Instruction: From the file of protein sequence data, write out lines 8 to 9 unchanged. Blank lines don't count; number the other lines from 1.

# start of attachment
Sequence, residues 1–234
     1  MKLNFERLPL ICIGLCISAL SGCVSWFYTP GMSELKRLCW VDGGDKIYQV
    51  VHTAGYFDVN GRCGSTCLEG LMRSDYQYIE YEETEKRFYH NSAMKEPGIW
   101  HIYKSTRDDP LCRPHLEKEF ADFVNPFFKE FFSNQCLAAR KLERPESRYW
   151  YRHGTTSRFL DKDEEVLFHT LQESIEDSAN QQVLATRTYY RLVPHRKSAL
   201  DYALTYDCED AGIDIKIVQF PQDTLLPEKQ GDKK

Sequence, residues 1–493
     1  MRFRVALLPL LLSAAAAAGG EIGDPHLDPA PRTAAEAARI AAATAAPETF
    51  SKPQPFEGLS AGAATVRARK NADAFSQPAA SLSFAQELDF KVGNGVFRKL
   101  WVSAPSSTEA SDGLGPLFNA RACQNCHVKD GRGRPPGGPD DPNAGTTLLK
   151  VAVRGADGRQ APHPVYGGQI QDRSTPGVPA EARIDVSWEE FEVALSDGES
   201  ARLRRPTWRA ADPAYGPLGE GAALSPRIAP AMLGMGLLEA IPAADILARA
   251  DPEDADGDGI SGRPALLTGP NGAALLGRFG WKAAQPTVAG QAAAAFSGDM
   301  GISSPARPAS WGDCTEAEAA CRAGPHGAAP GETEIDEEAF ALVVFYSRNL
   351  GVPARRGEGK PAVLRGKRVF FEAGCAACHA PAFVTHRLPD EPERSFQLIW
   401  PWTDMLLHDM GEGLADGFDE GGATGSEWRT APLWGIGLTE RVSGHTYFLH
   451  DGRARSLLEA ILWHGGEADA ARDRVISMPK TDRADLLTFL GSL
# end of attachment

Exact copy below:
     1  MRFRVALLPL LLSAAAAAGG EIGDPHLDPA PRTAAEAARI AAATAAPETF
    51  SKPQPFEGLS AGAATVRARK NADAFSQPAA SLSFAQELDF KVGNGVFRKL